United Kingdom / South East England / West Sussex / Hurstpierpoint College

Hurstpierpoint College Review

Hurstpierpoint College is a Church of England day and boarding school, which enrols girls and boys from four through to 18 years. Located in a country location close to the pretty village of Hurstpierpoint, the school is set in 140 acres of land in West Sussex.
At a glance
School type
Private
School phase
All through
Inspection rating
Excellent
Curricula taught
Availability 2021/22
No data
Availability 2022/23
No data
Annual fee average
GBP 18,000
Annual fees
GBP 9,660–25,110
Price band help
Premium
Status
Open
Opening year
1849
School year
Sep to Jul
Principal
Mr Tim Manly
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Hurstpierpoint College
School type
Private
School phase
All through
Inspection rating
Excellent
Curricula taught
Availability 2021/22
No data
Availability 2022/23
No data
Annual fee average
GBP 18,000
Annual fees
GBP 9,660–25,110
Price band help
Premium
Status
Open
Opening year
1849
School year
Sep to Jul
Principal
Mr Tim Manly
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Hurstpierpoint College is a Church of England day and boarding school, which enrols girls and boys from four through to 18 years. Located in a country location close to the pretty village of Hurstpierpoint, the school is set in 140 acres of land in West Sussex.

Hurstpierpoint College, known as Hurst, was founded in 1849 and its Prep School first admitted girls in 1993 after almost 150 years of being an all-boys school; in 1995, the Senior School opened its doors to 30 girls. The Prep and Pre-Prep schools are in separate buildings but on the same site as the Senior School; it means that Hurst’s youngest students benefit from using all the outstanding facilities within the college while remaining within their own, much smaller pastoral community.

Hurst is described by Head of the Prep School Ian Pattison as “a genuine through school”, and the school works hard to ensure continuity between the Prep and Senior schools. A single Deputy Head (Academic) looks after both the Prep and Senior schools, and any changes to the Hurst curriculum at the top will result in changes all the way down. So, for example, the introduction of Spanish GCSE meant that this subject is now taught in Years 7 and 8 of the Prep School.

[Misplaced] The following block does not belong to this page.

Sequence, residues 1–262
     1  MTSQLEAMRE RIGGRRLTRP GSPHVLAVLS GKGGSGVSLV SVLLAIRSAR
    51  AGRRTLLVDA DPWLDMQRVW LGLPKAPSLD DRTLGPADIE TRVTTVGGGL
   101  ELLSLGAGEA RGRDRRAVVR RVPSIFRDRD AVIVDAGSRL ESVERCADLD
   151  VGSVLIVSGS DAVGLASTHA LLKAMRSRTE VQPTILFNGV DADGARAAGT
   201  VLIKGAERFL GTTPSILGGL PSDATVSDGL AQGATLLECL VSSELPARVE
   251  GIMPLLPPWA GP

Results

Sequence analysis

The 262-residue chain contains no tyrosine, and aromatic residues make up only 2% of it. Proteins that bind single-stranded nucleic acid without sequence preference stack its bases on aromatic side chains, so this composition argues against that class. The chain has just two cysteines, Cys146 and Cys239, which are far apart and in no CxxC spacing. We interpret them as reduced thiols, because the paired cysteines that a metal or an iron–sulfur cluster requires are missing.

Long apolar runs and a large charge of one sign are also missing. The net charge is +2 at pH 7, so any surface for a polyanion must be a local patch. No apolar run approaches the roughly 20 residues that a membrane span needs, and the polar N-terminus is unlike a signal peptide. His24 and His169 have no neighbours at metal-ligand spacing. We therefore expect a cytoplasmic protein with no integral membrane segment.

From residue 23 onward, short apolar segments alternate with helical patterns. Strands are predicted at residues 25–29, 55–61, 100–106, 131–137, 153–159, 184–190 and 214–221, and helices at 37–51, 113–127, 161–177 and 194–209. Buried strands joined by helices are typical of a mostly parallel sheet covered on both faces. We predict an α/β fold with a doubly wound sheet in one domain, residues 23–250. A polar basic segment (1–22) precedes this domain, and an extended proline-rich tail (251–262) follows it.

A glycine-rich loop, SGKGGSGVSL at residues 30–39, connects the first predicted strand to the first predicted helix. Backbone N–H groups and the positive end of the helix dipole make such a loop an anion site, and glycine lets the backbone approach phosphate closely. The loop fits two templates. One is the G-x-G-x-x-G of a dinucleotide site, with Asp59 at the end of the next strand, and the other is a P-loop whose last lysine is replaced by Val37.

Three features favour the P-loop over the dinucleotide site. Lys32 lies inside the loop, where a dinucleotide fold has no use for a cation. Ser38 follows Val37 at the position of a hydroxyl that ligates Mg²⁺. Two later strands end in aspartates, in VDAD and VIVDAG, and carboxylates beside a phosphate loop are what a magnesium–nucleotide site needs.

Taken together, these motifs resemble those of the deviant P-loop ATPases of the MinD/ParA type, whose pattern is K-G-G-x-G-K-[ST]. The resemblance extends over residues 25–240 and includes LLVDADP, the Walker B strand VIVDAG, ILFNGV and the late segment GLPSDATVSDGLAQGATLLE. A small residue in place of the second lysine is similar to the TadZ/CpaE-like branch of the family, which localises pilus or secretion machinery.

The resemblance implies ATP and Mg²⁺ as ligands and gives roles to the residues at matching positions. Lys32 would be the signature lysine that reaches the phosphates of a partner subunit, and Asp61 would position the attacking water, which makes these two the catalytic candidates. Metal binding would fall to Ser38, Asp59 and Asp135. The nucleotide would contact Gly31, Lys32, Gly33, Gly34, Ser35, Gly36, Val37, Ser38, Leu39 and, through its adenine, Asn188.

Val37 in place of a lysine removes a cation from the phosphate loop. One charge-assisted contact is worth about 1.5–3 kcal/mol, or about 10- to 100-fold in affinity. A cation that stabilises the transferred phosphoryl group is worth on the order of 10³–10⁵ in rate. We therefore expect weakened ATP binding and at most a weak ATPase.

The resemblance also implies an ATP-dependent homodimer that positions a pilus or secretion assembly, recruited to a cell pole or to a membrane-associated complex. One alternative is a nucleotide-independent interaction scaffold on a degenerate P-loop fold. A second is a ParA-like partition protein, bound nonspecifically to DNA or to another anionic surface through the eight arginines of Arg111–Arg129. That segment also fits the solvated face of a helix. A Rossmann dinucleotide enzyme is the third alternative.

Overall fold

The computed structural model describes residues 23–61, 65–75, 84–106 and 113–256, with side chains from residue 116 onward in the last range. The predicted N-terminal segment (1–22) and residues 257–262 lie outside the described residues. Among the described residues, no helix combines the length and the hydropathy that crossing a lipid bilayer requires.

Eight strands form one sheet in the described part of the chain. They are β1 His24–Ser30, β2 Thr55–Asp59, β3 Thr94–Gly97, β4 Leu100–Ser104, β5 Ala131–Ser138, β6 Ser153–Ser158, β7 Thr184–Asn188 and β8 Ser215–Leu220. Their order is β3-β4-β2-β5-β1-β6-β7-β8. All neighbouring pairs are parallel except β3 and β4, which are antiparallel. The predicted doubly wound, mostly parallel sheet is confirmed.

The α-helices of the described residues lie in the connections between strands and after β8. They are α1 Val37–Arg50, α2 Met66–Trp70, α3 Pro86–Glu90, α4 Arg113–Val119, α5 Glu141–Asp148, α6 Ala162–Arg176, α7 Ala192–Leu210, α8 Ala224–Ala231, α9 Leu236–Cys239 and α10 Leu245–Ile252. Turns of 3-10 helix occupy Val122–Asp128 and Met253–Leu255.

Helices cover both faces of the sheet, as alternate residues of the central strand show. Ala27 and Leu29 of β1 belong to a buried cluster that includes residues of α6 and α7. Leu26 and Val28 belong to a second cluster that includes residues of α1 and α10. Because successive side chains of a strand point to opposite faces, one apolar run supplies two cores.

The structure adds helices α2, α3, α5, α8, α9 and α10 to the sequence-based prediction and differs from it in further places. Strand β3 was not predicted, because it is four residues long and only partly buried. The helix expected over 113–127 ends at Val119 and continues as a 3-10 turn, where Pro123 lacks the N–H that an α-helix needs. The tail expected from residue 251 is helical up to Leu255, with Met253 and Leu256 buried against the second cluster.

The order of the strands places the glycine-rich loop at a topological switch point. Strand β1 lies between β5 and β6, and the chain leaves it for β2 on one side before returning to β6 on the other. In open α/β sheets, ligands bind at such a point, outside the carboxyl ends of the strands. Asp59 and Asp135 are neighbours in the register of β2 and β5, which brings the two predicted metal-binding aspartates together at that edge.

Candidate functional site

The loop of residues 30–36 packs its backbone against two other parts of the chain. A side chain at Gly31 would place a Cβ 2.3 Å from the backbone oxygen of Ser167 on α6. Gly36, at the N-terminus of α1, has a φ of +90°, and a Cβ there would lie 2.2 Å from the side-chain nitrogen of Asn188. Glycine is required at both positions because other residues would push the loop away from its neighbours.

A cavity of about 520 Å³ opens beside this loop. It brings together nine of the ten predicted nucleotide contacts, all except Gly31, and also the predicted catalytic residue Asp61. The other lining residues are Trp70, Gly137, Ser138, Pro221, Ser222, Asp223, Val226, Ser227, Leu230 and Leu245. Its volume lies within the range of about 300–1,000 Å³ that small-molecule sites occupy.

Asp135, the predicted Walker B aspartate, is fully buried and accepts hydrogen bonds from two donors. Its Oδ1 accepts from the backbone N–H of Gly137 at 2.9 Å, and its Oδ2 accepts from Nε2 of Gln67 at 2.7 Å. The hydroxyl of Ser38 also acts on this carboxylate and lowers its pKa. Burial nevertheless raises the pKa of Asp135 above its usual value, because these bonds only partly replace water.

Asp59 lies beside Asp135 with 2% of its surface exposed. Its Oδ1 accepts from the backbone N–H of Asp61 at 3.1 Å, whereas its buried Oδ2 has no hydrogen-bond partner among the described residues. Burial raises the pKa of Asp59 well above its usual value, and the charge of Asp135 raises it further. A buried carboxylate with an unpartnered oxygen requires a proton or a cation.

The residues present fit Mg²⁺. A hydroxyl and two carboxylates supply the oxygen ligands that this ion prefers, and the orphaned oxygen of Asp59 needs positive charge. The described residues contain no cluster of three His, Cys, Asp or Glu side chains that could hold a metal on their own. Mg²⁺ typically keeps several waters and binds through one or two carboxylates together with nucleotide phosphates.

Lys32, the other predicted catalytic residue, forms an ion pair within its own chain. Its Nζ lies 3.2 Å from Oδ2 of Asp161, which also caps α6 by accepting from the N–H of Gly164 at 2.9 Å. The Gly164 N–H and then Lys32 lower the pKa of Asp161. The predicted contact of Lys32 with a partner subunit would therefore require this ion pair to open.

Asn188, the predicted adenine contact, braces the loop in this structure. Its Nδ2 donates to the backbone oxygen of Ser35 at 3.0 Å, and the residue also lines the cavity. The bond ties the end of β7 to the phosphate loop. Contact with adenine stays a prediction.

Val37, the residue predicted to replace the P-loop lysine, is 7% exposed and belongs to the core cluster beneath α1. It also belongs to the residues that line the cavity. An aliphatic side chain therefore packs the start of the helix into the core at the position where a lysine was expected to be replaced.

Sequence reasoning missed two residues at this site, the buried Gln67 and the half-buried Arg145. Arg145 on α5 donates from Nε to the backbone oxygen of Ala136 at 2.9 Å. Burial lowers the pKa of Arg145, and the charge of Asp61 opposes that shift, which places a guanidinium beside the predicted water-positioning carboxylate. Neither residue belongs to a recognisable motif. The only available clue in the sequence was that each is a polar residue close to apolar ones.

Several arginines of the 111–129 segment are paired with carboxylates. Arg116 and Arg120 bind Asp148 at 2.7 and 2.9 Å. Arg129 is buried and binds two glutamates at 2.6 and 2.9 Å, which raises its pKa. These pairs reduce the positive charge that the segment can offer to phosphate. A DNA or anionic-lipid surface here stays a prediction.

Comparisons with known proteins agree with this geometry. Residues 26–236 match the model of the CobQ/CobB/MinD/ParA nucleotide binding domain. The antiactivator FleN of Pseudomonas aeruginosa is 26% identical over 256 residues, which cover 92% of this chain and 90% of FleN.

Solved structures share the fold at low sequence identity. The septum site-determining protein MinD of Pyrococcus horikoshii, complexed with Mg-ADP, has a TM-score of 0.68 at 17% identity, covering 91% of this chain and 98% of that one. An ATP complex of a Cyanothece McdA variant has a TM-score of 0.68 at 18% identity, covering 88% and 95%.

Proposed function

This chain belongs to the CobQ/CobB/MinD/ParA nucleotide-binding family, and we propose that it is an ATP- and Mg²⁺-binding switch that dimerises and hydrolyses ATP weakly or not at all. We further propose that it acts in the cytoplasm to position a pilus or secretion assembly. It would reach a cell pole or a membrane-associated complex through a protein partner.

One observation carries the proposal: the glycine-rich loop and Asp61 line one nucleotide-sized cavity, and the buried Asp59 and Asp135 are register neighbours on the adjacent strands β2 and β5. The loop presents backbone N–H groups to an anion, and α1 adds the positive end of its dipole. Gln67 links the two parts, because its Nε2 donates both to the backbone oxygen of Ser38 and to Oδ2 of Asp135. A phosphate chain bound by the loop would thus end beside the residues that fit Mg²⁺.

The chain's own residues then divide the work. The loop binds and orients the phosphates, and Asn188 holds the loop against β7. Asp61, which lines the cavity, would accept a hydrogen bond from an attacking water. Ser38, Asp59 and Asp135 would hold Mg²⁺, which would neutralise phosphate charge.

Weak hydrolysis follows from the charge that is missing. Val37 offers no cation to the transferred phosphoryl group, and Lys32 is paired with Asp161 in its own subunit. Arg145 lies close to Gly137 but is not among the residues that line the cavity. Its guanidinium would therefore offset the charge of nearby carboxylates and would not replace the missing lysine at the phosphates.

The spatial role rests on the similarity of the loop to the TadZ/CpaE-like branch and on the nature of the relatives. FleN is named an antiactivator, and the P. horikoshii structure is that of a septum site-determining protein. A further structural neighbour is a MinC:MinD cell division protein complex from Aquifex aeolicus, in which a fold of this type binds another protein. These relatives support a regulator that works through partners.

Tim Manly (Oxford, LSE and Cambridge) has been Headmaster since 2005. He previously taught at Sevenoaks and was Deputy Head of Oakham School. 

The curriculum

In the Prep School, the majority of subjects are taught by the Form Tutor with the exception of music, drama, IT and PE. In Year 4 art, science, Latin and French are also taught by subject specialists and, from Year 5, students are taught by subject specialists for all lessons and move from class to class. Students are streamed by ability for English and maths from Year 3. It’s all excellent preparation for Senior School; with the majority of boys and girls going on to attend Hurst’s Senior School, you can expect the transition to be smooth.

When students leave the Prep School in Year 8 they also take important in-school exams; these include a general paper, focusing on current affairs and the ability to create an argument, as well as completing an independent research project. In line with many private UK schools today, they do not take Common Entrance exams; The school is focused on best preparing the children for the challenges of Year 9 – in Year 8, for example, school reports are written to the students themselves and they also attend parent evenings.

GCSE options include art, classical Greek, dance, drama, computer science, DT, French, geography, history, Latin, music, RE, Spanish, and PE. Students then go on to study a choice of A Levels or a BTEC in Sport Studies, alongside the Extended Project Qualification (EPQ). Subjects offered include art, biology, business, chemistry, classics, computer science, dance, drama, DT, economics, English, French, geography, history, maths, music, photography, PE and sports science,politics, psychology, and Spanish. Sixth Formers can also join the Young Enterprise Programme and create and run their own business from scratch.

In the Senior School, Hurst has a unique Challenge Grade system, which focuses much more on value add rather than top marks. It means that every student’s performance is assessed according to the challenge that is set for them for each subject at the start of every academic year: they are either on target, exceeding target, or falling short. The system is described by fair as many parents, and the grades are “ambitious and – with hard work – achievable”.

Sport and the arts